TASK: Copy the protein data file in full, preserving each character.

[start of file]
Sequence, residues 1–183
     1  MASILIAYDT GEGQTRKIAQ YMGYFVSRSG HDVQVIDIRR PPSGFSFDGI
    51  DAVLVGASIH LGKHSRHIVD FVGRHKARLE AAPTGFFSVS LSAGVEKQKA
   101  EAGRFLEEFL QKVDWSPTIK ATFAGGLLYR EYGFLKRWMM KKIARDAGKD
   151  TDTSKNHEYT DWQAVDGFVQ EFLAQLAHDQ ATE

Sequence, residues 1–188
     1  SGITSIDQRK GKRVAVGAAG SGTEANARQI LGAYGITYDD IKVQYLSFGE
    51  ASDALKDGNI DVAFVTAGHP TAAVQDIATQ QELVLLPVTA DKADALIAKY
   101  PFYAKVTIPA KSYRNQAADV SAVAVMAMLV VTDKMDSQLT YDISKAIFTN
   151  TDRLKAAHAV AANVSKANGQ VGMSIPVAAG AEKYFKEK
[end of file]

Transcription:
Sequence, residues 1–183
     1  MASILIAYDT GEGQTRKIAQ YMGYFVSRSG HDVQVIDIRR PPSGFSFDGI
    51  DAVLVGASIH LGKHSRHIVD FVGRHKARLE AAPTGFFSVS LSAGVEKQKA
   101  EAGRFLEEFL QKVDWSPTIK ATFAGGLLYR EYGFLKRWMM KKIARDAGKD
   151  TDTSKNHEYT DWQAVDGFVQ EFLAQLAHDQ ATE

Sequence, residues 1–188
     1  SGITSIDQRK GKRVAVGAAG SGTEANARQI LGAYGITYDD IKVQYLSFGE
    51  ASDALKDGNI DVAFVTAGHP TAAVQDIATQ QELVLLPVTA DKADALIAKY
   101  PFYAKVTIPA KSYRNQAADV SAVAVMAMLV VTDKMDSQLT YDISKAIFTN
   151  TDRLKAAHAV AANVSKANGQ VGMSIPVAAG AEKYFKEK